As a parent, you want to give your child a solid foundation of love and support. No matter how separated a family becomes, both parents should remain involved in their child’s life.
You can achieve this continued connection through visitation rights.
This article provides a broad overview of visitation rights, how they help preserve a bond with your kids, and how you can make sure your visitation rights are protected.
Defining Visitation Rights
Visitation rights refer to the legal arrangement allowing non-custodial parents to regularly visit their child. In some instances, grandparents, stepparents, or other close relatives can also gain visitation.
Visitation is a standard part of any divorce or custody agreement, and it becomes part of the official parenting plan. The plan specifies the frequency, duration, and location of visits.
A visitation agreement typically depends on:
- The child’s age
- The bond between parent and child
- The non-custodial parent’s proximity to the child
- Any concerns related to the safety or welfare of the child
Courts can order supervised visitation when they believe a parent is unfit. In these scenarios, a social worker (or some other court-appointed person) must be present during the visits.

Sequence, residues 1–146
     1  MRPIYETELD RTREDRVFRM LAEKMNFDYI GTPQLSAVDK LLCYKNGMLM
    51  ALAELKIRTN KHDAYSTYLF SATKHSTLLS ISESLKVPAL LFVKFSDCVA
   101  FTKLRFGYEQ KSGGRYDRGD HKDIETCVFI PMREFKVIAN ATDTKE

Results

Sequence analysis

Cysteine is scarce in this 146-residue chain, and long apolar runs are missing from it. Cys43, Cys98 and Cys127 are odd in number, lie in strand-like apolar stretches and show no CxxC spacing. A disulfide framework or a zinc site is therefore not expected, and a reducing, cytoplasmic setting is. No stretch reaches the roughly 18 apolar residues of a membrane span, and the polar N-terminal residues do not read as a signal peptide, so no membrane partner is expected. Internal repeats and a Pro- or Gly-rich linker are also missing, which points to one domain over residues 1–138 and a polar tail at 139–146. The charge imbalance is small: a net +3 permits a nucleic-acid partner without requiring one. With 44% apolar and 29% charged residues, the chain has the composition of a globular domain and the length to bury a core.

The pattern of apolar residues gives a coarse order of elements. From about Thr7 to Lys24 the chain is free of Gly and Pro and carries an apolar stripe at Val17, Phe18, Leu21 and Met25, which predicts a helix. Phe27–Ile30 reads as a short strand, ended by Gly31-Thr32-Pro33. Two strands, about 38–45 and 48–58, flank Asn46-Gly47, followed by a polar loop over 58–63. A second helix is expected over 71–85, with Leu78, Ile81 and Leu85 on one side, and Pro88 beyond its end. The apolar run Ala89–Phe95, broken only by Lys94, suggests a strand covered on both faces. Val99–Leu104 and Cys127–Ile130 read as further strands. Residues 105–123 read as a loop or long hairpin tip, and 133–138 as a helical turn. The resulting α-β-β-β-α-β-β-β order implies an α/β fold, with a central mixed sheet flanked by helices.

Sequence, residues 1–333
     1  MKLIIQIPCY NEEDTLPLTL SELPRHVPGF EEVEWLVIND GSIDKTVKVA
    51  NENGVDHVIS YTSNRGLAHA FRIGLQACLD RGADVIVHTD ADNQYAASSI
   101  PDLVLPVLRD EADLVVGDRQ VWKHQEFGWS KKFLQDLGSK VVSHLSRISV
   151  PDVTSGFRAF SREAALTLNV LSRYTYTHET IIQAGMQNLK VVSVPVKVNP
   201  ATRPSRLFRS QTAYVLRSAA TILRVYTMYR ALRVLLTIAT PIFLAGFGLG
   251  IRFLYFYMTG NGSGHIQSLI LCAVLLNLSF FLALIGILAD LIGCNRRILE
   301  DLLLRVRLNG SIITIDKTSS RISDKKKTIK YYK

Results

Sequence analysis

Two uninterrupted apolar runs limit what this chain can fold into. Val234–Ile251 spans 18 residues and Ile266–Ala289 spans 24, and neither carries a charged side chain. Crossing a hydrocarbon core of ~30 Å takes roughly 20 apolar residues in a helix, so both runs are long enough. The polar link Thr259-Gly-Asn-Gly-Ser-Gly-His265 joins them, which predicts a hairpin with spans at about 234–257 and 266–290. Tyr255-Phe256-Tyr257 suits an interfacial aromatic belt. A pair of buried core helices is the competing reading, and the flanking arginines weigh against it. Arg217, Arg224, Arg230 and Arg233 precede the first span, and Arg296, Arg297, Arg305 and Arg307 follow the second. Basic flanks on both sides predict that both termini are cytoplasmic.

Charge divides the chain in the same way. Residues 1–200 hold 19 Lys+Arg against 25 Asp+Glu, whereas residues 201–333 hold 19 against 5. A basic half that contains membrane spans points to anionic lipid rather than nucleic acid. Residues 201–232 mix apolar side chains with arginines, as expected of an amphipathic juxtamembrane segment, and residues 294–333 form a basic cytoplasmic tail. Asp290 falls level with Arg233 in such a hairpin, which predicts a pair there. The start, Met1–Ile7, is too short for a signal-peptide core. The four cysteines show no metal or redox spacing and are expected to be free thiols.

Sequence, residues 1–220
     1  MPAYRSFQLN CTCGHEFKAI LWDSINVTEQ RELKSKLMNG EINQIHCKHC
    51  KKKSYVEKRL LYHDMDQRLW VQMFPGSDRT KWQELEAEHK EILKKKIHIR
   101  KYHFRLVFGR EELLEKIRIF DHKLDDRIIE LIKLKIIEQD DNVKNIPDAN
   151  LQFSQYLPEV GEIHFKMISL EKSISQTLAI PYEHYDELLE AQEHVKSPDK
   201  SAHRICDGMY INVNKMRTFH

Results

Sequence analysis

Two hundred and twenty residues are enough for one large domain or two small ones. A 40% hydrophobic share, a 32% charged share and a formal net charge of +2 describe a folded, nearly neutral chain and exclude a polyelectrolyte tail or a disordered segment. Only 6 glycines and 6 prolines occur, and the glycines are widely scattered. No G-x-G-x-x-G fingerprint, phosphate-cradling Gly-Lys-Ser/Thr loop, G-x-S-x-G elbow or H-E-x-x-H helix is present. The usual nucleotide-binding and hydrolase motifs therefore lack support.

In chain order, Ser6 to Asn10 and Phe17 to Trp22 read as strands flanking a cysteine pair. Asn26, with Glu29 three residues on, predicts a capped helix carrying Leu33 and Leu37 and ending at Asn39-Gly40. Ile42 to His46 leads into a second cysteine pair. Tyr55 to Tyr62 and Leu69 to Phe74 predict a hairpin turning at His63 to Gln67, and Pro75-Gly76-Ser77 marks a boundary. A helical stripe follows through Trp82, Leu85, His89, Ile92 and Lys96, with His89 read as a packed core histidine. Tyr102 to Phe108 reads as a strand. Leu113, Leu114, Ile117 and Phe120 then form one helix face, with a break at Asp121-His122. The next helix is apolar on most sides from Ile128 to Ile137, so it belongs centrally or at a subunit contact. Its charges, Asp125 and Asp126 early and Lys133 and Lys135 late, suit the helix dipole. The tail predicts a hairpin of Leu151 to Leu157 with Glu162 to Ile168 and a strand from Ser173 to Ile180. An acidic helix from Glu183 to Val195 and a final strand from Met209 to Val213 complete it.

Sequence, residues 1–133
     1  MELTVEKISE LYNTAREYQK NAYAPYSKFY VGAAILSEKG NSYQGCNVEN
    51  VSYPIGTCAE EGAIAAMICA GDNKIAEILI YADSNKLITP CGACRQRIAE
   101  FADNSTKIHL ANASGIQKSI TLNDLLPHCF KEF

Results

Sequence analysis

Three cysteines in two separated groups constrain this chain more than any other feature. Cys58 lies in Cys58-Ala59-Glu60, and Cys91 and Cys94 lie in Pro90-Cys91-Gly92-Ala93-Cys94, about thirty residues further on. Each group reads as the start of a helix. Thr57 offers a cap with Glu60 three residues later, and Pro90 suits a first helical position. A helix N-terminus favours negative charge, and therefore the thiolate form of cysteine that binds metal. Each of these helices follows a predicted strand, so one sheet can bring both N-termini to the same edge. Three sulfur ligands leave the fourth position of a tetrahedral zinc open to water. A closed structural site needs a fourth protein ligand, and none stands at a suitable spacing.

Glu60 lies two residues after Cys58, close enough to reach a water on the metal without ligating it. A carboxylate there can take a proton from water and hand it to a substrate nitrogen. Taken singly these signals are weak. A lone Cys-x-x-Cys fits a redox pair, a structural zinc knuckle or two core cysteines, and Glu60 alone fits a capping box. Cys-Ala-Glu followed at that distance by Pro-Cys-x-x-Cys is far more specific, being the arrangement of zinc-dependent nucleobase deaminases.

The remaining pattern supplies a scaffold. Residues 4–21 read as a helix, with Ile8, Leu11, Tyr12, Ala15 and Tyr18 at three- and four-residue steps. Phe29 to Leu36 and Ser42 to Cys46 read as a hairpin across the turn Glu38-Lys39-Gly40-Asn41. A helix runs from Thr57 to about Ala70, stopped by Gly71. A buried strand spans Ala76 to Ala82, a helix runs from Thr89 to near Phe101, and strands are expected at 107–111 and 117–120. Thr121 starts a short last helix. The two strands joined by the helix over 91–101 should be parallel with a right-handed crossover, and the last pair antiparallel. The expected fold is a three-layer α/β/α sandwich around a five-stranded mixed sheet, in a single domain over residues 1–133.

Defining visitation rights is a necessary process that requires careful consideration and negotiation. The outcome of your agreement can greatly impact a child’s well-being and development.
Child visitation is court-ordered, and it cannot be ignored. If one parent does not follow through on visits, they can suffer legal consequences. Alternatively, if a custodial parent tries to block or disrupt visitation, they can face penalties as well.
Visitation can be in-person or virtual. Your parenting plan can include regularly scheduled phone calls, video chats, and so on. Virtual visits are just as legally valid as in-person ones, and they are subject to the same legal standards.
How Does Visitation Benefit Children?
Studies suggest that children prosper from regular contact with their non-custodial parents. They tend to have better overall emotional health and fewer behavioral problems. Visitation allows children to maintain a connection with both parents, which is essential for their development.
When parents work together to arrange consistent and reliable visits, children generally feel more secure and stable.
Additionally, visitation allows children to maintain supportive relationships with extended family members, which is also a source of comfort and strength.
Ultimately, when parents prioritize their child's well-being through visitation, they are helping to create a strong foundation for their child's future success.
The Benefits of Visitation for Other Family Members
Child visitation guarantees family members the right to see and maintain contact with their loved ones. This helps parents stay involved when they cannot have full or joint custody.
Continued contact with the children is also good for extended family, including grandparents, aunts, uncles, and so on. It allows them to stay connected to the child through the visiting parents.